I have an issue with otherwise clever and smart characters suddenly doing something "very stupid" and justifying it with seriously broken logic that is far below their established intelligence. Like Clara taking the Chronolock because she's supposedly protected from harm. Or, the Doctor sticking his arm inside a machine with a lock only his Tardis key can open...Hello? Obvious trap here.

Overall, though, it was a really good episode (Murray's overbearing death scene orchestration notwithstanding) Gonna miss Clara, though.
posted by Thorzdad at 7:35 AM on November 22, 2015


That was the first one I've really liked in a long time. I'm hoping it's not Missy behind the trap Ashildr set for the Doctor, but if it wasn't her it was probably Davros, so that's more Daleks either way--and at this point they're actually less threatening than almost any new monster that shows up.

I'd have to join the anti-Murray Gold chorus. I think his work, like the Daleks, actually does the opposite of what it's meant to: in his case, it jars me out of the story and makes me aware of the emotion that the producers were aiming for, rather than leaving me actually feeling it.
posted by johnofjack at 8:27 AM on November 22, 2015


Or, the Doctor sticking his arm inside a machine with a lock only his Tardis key can open...Hello? Obvious trap here.


It was an obvious trap, but the Doctor was compelled to fall into it as there was no route around. He needed to get the 'murdered' mother alien out of the stasis pod in time to show that Rigsy wasn't a murderer before his counter ran to zero (he didn't know it had moved to Clara at that point). Ashildr had disappeared with her key so he couldn't use that.
posted by biffa at 8:32 AM on November 22, 2015 [1 favorite]


He needed to get the 'murdered' mother alien out of the stasis pod in time to show that Rigsy wasn't a murderer before his counter ran to zero...

So, apparently the Sonic Raybans are useless for disabling machinery?
The show seems quite adept at making the Sonic{whatever} all-conquering except at the very moment it really is needed.
posted by Thorzdad at 8:42 AM on November 22, 2015 [1 favorite]


Yeah I mean when they showed the lock I was like "Oh good, a lock! If there's one thing the Doctor is good with, it's opening locks easily!" Then I was like o_0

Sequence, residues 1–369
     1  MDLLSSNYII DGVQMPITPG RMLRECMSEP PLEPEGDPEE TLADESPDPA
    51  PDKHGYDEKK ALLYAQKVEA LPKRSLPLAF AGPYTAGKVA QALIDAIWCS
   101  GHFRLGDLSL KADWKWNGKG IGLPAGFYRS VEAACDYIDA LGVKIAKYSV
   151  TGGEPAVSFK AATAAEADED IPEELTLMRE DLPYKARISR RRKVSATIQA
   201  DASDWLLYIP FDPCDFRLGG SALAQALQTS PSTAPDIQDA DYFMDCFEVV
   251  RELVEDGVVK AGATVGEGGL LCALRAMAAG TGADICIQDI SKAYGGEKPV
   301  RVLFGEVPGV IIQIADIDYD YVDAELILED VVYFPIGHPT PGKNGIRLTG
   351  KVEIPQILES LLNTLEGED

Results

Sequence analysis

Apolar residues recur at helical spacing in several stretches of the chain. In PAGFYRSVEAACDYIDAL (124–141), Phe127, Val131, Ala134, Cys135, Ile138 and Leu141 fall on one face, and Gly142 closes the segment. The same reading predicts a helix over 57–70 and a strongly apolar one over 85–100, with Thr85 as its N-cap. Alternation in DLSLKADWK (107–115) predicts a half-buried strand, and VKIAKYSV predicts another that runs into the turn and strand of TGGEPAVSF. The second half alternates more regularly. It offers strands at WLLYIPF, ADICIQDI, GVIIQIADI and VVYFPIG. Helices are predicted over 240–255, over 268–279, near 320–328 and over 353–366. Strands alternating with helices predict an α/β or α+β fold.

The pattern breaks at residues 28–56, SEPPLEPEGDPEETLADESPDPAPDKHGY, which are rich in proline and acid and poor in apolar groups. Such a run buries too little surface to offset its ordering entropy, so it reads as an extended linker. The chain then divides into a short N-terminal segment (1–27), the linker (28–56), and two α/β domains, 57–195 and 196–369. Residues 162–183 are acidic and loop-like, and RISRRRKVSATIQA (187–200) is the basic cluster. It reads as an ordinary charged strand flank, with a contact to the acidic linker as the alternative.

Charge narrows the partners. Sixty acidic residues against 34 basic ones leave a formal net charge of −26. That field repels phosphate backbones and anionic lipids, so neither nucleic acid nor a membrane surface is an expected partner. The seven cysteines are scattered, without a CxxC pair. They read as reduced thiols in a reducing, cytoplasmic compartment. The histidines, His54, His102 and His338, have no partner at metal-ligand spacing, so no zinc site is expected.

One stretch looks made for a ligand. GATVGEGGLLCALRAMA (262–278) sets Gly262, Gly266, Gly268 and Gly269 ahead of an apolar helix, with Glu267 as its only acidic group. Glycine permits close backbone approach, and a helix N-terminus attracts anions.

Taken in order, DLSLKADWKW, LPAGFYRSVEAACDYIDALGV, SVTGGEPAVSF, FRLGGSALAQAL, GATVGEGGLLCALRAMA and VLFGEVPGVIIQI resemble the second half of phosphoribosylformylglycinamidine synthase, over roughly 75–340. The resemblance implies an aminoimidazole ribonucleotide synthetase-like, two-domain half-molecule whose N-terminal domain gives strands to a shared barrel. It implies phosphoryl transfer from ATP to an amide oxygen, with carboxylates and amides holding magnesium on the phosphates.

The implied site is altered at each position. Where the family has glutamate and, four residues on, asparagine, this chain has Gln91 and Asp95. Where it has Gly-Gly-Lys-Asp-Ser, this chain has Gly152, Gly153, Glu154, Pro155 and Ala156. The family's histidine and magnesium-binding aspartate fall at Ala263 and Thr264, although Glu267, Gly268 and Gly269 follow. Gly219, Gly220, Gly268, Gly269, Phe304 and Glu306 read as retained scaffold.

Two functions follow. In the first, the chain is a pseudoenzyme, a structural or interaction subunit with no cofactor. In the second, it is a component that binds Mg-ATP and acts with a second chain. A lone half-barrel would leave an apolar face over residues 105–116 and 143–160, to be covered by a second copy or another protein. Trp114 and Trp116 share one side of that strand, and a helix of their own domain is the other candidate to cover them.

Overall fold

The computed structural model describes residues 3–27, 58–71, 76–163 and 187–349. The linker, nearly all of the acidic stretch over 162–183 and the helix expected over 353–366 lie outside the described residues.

posted by bleep at 8:55 AM on November 22, 2015 [1 favorite]


I don't mind Clara dying but the long drawn-out thing with the awful Murray Gold super loud music and the death porn loving gaze on her saint-like body--I really enjoyed most of this episode but I had that same horrible feeling I had during the whole of the last Tennant special and at the end of S2 when Rose was banished and it was SO TRAGIC. I am ready for a companion to just leave and have it be okay.

Also while I understand the fact that the Doctor could have handled Clara better and I have always been one for saying the Doctor has what he now calls a duty of care for his companions (which is why I've always been so squicked by the whole Rose-Ten thing, because ew, Doctor, don't be a funny uncle), I really dislike the way that blaming the whole fiasco on the Doctor undermines Clara's agency. Clara's agency or lack thereof has been a thing the whole time she's been on the show, from her first appearance as Souffle Girl, and even if the Doctor should have discouraged her from taking risks, she did make the decision to take Riggs's chronolock and she owned it. Yeah, the Doctor is going to blame himself, and he should, but as a viewer I have to hand a large share of this disaster to Clara.

(And Capaldi did brilliantly with his bit--he's so good--being understated and all, but I am so done with the big threat from the Doctor. Tennant may have ruined me for that.)

This was a really good episode story-wise and I'm looking forward to the next bit even if it is the season finale. But I was really disappointed in how the show handled Clara's death/departure. (Assuming that, even apart from the rest of it, it is her final hurrah. Remember, if the impossible girl always shows up, the death of this version of her may not end her interference. Or maybe we're just dropping that now. I'd be okay with just dropping the impossible girl concept now that Eleven is gone.)
posted by immlass at 10:12 AM on November 22, 2015


Looks like Clara (Jenna Coleman) is regenerating as Queen Victoria.
posted by jazon at 11:39 AM on November 22, 2015 [1 favorite]


It's like nothing can happen unless death is somehow involved.

The caretakers of revived Who have clearly not read Ursula Le Guin's writing on fiction.

I'm just relieved that THE ENTIRE UNIVERSE IS GOING TO BE DESTROYED is less of a thing now, because the universe is, in fact, surprisingly large and undestroyable and it was getting to be a little tiresome that all of reality was going to be broken at the end of every season.
posted by sonascope at 12:12 PM on November 22, 2015 [1 favorite]


Enjoyed this a lot, Ashildr is an interesting new character, I liked the Mos Eisley cantina/troll market vibe of the hidden street, and I like the dark/angry Doctor.
posted by EndsOfInvention at 2:46 PM on November 22, 2015


I think on some level the Doctor's companions have to die becaus it's a side-effect of his recklessness. He doesn't kill them directly but the companions are lured into becoming as reckless as he is which does them in in the end. Although they don't all actually die I guess.
posted by GuyZero at 3:37 PM on November 22, 2015 [1 favorite]


Although they don't all actually die I guess.

Yeah, in the new series Clara is the only regular companion who has died. (Well, Amy died, but after she and Rory lived a long life in the past.) Rose, Martha and Donna are all still around. I guess it seems like they've all died because the show is so full of fake-out deaths, and because it's been so long since any of the companions from the RTD showed up.
posted by Ursula Hitler at 5:07 PM on November 22, 2015